New York: The New Press, 2003. Second Printing [stated]. Hardcover. xiii, , 315,  pages. Notes. Index. Format is approximately 5.75 inches by 8.5 inches. Ink underlining and marginal comments noted. David D. Cole is the National Legal Director of the American Civil Liberties Union (ACLU). Before joining the ACLU in July 2016, Cole was the Hon. George J. Mitchell Professor at Georgetown University from March 2014 through December 2016. He has published in various legal fields including constitutional law, national security, criminal justice, civil rights, and law and literature. Cole has litigated several significant First Amendment cases in the Supreme Court of the United States, as well a number of influential cases concerning civil rights and national security. He is also a legal correspondent to several media outlets and publications. Cole has written eight books which have received numerous awards, including the Palmer Civil Liberties Prize for best book on national security, the American Book Award, and Boston Book Review's Best Non-Fiction Book.
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Bloomington, IN: Indiana University Press, 2007. First Printing. 251, appendix, notes, index, associated bookmark laid in. Inscribed by the author (Len Cole).
New York: Summit Books, c1989. First Printing. 25 cm, 352, index, few library markings, DJ pasted to boardsFormer "Ramparts" editors tell of their intellectual journey through the radical trenches of the 1960's.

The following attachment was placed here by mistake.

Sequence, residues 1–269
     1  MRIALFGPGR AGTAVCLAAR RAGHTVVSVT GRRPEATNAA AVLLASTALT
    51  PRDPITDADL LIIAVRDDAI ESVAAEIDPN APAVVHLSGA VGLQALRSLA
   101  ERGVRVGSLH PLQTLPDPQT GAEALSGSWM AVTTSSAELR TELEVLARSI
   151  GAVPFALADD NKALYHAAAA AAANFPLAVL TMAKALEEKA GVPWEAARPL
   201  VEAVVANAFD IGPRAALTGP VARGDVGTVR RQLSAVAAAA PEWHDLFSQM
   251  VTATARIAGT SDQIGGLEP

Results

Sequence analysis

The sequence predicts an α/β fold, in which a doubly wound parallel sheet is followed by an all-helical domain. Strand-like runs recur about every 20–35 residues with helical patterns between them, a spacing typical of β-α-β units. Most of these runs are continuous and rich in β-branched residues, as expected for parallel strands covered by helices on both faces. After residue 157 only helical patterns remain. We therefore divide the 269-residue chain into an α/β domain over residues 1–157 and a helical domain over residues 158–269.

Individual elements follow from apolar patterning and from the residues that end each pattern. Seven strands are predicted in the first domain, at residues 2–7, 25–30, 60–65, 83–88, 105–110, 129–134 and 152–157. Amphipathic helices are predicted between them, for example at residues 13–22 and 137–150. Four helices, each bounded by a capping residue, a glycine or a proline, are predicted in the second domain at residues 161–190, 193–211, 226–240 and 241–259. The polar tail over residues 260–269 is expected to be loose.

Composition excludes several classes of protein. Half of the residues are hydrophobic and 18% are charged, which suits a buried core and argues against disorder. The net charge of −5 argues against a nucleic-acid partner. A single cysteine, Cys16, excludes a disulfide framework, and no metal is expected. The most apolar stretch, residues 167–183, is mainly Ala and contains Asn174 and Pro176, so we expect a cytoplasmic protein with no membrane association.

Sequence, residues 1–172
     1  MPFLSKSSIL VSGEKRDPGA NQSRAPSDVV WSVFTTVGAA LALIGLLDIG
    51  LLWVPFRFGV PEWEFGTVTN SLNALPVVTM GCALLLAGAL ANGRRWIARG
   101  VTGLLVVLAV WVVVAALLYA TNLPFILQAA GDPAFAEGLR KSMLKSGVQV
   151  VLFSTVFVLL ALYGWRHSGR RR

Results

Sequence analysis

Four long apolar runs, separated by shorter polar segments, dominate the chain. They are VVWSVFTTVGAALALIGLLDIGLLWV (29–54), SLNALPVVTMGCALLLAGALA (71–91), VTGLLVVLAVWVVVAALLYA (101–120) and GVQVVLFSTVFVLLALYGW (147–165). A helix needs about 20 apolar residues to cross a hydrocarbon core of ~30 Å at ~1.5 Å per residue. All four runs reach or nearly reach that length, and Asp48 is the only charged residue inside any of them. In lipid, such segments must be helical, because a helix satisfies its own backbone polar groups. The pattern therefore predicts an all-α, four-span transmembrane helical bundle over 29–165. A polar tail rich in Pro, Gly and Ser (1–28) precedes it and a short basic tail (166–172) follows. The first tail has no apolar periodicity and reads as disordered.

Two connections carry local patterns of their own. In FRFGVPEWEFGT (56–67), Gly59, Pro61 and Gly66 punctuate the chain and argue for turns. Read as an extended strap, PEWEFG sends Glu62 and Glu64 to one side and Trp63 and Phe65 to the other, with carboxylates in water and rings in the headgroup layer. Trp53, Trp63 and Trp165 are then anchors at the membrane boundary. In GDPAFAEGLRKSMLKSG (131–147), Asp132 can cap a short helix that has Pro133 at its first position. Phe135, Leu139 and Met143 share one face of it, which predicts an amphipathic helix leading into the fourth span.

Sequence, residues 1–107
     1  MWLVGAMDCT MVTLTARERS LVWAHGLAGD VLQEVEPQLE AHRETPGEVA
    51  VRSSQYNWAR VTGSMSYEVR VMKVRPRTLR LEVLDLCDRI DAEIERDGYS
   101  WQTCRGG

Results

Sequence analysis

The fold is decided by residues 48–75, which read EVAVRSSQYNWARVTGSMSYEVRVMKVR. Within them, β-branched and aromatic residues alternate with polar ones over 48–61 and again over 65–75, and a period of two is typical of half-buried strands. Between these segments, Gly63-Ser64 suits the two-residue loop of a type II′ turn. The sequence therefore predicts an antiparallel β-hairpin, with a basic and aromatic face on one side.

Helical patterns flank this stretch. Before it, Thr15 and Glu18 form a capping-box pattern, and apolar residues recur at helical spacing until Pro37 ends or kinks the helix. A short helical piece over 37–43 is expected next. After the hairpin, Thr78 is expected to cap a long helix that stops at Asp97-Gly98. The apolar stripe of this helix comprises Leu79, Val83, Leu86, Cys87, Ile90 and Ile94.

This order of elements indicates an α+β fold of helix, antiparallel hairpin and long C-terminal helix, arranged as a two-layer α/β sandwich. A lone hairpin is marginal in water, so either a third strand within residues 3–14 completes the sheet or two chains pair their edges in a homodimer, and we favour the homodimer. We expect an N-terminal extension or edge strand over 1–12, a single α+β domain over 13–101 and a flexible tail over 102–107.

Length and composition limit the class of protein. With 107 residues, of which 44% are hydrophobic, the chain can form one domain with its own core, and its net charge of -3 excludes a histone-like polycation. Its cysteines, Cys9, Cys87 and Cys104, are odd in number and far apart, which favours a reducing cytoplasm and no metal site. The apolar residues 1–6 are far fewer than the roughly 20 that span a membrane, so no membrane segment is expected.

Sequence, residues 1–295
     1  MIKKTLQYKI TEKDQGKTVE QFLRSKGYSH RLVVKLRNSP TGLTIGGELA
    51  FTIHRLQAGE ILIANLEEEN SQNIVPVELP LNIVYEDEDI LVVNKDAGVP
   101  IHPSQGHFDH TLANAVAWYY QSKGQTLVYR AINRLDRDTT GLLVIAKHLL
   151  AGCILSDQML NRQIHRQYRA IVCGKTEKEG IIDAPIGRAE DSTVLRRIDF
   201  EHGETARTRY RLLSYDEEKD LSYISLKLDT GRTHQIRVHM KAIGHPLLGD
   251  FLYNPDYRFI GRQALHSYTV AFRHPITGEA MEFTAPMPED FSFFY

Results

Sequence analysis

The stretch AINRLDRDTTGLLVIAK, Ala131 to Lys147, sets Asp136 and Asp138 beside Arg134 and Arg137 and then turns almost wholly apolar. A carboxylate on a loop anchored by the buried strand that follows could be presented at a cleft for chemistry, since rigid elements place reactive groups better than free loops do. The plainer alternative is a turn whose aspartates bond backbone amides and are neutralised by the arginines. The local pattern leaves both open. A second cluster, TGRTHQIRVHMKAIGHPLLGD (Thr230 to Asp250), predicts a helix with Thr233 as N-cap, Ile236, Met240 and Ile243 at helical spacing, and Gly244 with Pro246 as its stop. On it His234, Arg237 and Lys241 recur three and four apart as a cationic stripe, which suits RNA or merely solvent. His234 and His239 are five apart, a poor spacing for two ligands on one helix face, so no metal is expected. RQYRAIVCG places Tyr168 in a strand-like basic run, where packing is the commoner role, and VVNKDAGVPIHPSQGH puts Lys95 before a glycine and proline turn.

New York: Dutton, c1990. First Printing. 24 cm, 239, illus., pencil erasure residue on half-title.
New York: Dutton, c1990. First Printing. 24 cm, 239, illus., black mark at bottom edge.
New York: Simon and Schuster, 1980. Second Printing. 478, some wear to edges of DJ.
ReganBooks, 2003. First edition. Stated. First printing [stated]. Hardcover. xii, 339 p. Notes. Index.
Dallas, Texas: Word Publishing, 1995. Special Limited Edition [stated on DJ]. First printing [stated]. Hardcover. vii, , 553,  pages. Signed on half-title page by Colson. Inscribed on title page by Vaughn. DJ has slight wear and soiling. Charles Wendell "Chuck" Colson (October 16, 1931 – April 21, 2012) was an Evangelical Christian leader who founded Prison Fellowship, and BreakPoint. He served as Special Counsel to President Richard Nixon from 1969 to 1973. Colson gained notoriety at the height of the Watergate scandal, for being named as one of the Watergate Seven, and pleaded guilty to obstruction of justice for attempting to defame Pentagon Papers defendant Daniel Ellsberg. In 1974, he served seven months in the federal Prison in Alabama as the first member of the Nixon administration to be incarcerated for Watergate-related charges. His mid-life conversion to Christianity sparked a radical life change that led to the founding of his non-profit ministry Prison Fellowship to a focus on Christian worldview teaching and training around the world. Colson was also a public speaker and the author of more than 30 books. He was the founder and chairman of The Chuck Colson Center for Christian Worldview and includes Colson's daily radio commentary, BreakPoint, heard on more than 1,400 outlets across the United States (and continues to be broadcast with an alternating panel from the Colson Center). Colson received 15 honorary doctorates, and in 1993 was awarded the Templeton Prize for Progress in Religion, the world's largest annual award in the field of religion, given to a person who "has made an exceptional contribution to affirming life's spiritual dimension"